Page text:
MIRO Projects in Support of Khmer Krom
Monitoring Khmer Krom Rights:
The Cambodian Khmer Krom are regularly subjected to human rights violations. Khmer Krom are barred from speaking out for their rights and do not enjoy the benefits of fair procedure in either the Cambodian or Vietnamese legal systems. As well as this, Khmer Krom are subject to substandard living conditions – many have no access to identification papers, resulting in a lack of access to education or secure land tenure, reduced employment opportunities and diminished access to travel documents. In response, MIRO seeks to conducts a number of activities to protect the human rights of Khmer Krom, supporting them in the struggle to receive the rights and protections they are entitled to. This project, funded by the Norwegian Human Rights Fund, focuses on the rights of both the Khmer Krom community in Cambodia as a whole, as well as the specific rights violations faced by Khmer Krom activists. The project’s main activities are:
Decreasing Statelessness Among Khmer Krom in Cambodia and Protecting Khmer Krom Asylum Seekers and Refugees in Thailand:
As many as 360 000 Khmer Krom currently live as stateless people in Cambodia, without the rights protections and access to social services provided by citizenship. This situation exists despite guarantees of citizenship from the Cambodian government, as Khmer Krom face many challenges and burdens in the process of receiving documentation. As well, Khmer Krom people seeking protection under refugee status abroad struggle to do so. In response, MIRO projects aim to reduce statelessness by improving access to Cambodian citizenship, and supports Khmer Krom asylum seekers.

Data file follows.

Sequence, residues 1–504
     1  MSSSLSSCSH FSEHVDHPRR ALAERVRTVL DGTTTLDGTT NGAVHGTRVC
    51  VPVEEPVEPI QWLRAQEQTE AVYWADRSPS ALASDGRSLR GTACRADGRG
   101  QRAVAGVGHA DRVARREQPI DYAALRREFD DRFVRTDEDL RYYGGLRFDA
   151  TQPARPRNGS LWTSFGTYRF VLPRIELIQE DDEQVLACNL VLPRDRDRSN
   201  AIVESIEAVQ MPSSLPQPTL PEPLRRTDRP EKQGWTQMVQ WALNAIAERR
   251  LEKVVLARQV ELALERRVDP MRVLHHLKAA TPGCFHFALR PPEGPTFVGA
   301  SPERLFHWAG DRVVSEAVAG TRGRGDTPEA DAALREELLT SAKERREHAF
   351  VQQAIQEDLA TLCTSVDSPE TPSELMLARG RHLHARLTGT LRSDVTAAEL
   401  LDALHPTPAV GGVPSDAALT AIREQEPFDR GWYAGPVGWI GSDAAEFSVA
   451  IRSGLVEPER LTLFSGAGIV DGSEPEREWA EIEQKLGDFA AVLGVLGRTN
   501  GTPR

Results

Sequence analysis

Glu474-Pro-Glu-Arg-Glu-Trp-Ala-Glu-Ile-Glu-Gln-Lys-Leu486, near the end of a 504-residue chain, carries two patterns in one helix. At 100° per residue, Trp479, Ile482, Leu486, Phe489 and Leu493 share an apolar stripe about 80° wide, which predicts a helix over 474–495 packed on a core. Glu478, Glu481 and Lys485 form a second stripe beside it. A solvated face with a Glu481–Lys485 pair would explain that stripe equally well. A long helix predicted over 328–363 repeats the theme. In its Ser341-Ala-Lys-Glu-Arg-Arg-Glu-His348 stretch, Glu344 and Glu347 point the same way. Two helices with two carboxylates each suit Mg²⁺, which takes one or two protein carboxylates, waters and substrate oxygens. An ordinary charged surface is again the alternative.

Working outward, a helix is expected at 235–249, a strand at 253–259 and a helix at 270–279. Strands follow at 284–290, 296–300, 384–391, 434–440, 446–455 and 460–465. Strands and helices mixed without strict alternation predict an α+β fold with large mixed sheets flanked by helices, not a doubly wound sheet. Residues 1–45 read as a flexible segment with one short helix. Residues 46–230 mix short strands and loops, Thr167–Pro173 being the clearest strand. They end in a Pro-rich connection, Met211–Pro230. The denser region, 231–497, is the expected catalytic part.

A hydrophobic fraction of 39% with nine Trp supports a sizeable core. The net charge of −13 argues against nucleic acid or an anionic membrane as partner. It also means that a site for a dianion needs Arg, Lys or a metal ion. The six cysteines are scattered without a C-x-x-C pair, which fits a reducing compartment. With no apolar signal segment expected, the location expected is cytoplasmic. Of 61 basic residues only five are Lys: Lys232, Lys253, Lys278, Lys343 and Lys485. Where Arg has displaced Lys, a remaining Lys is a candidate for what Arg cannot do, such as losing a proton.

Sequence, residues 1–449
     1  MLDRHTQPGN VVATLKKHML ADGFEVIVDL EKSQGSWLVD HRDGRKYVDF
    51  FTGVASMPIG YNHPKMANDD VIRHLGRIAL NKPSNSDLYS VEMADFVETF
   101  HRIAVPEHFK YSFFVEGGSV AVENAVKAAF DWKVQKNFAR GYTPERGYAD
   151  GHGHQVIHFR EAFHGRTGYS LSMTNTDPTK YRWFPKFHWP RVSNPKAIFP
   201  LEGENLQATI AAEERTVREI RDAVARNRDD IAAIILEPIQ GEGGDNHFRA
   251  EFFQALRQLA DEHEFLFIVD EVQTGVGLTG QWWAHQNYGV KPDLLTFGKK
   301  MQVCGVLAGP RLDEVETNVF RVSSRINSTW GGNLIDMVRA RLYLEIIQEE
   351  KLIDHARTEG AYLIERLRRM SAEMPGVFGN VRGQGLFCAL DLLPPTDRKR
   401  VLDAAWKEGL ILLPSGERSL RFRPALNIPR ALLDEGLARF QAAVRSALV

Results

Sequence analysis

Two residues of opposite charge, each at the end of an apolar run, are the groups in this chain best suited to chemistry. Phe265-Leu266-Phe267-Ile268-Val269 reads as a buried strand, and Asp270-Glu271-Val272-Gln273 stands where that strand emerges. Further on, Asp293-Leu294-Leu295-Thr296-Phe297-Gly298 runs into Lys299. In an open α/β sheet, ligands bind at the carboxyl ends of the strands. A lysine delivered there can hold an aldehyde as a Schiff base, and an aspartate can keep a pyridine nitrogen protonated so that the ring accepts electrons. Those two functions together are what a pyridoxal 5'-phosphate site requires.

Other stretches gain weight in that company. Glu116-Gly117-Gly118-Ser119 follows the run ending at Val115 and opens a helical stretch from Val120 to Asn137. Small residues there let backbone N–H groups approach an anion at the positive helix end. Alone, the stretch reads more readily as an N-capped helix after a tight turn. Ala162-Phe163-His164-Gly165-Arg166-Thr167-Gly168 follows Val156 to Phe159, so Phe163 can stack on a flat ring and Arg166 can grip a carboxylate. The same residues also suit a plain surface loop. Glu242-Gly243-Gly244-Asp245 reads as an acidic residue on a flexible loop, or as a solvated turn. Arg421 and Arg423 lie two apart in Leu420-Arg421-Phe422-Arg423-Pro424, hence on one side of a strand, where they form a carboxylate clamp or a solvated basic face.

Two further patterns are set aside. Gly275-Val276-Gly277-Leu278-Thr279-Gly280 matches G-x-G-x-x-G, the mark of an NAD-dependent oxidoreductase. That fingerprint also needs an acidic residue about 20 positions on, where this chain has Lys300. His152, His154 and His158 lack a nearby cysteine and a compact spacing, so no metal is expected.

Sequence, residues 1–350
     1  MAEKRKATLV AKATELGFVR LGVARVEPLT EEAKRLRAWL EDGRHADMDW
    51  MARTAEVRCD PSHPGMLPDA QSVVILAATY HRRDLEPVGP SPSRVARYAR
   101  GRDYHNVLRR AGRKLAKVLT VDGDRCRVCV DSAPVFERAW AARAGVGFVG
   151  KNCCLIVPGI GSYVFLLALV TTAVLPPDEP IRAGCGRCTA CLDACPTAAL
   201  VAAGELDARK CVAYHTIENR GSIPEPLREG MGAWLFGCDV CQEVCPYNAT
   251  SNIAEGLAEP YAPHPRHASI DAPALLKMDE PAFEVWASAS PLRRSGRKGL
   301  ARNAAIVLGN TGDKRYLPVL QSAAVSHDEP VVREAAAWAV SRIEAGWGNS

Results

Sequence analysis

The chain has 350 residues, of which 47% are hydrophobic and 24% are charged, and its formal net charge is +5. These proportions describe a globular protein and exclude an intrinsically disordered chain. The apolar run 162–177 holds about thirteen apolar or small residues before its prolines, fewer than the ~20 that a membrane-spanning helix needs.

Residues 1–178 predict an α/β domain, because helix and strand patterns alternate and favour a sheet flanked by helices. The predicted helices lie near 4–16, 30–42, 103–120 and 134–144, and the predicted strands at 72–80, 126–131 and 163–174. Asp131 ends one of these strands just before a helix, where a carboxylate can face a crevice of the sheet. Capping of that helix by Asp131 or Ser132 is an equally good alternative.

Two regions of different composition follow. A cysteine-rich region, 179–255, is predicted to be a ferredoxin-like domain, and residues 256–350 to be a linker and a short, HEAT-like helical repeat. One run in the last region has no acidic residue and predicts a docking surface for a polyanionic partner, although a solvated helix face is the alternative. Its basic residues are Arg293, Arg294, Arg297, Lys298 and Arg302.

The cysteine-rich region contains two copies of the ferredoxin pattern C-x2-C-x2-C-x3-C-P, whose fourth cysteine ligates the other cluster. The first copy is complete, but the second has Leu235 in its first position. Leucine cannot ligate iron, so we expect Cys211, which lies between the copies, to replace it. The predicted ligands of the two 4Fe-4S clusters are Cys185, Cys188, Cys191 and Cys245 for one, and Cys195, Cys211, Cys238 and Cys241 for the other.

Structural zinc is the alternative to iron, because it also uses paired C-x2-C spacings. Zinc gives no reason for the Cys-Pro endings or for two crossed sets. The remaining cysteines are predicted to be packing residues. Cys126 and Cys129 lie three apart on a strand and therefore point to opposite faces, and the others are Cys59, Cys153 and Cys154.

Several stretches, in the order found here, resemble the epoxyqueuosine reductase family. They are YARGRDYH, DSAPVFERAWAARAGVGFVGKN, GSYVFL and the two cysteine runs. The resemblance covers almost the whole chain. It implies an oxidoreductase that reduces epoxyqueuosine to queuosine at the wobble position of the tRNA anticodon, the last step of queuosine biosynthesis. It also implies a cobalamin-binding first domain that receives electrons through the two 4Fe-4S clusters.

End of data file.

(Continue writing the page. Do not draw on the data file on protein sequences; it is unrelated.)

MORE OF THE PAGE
The project focuses on the following activities:
Khmer Krom women:
Based on research conducted in August and September 2013, MIRO found that the social and political issues facing the Khmer Krom disproportionately affect women. In particular, MIRO found that women were subject to an inability to meaningfully participate in the political process in Cambodia, gender-based discrimination and domestic violence. As well, MIRO found that when women were subjected to human rights abuse, they were incapable of bringing complaints to appropriate authorities. To address these issues, MIRO has developed a project based on increasing Khmer Krom women’s understanding of human rights and gender discrimination, increasing knowledge about political processes, and informing women on legal processes to seek justice regarding their human rights.
The main activities carried out in this project are: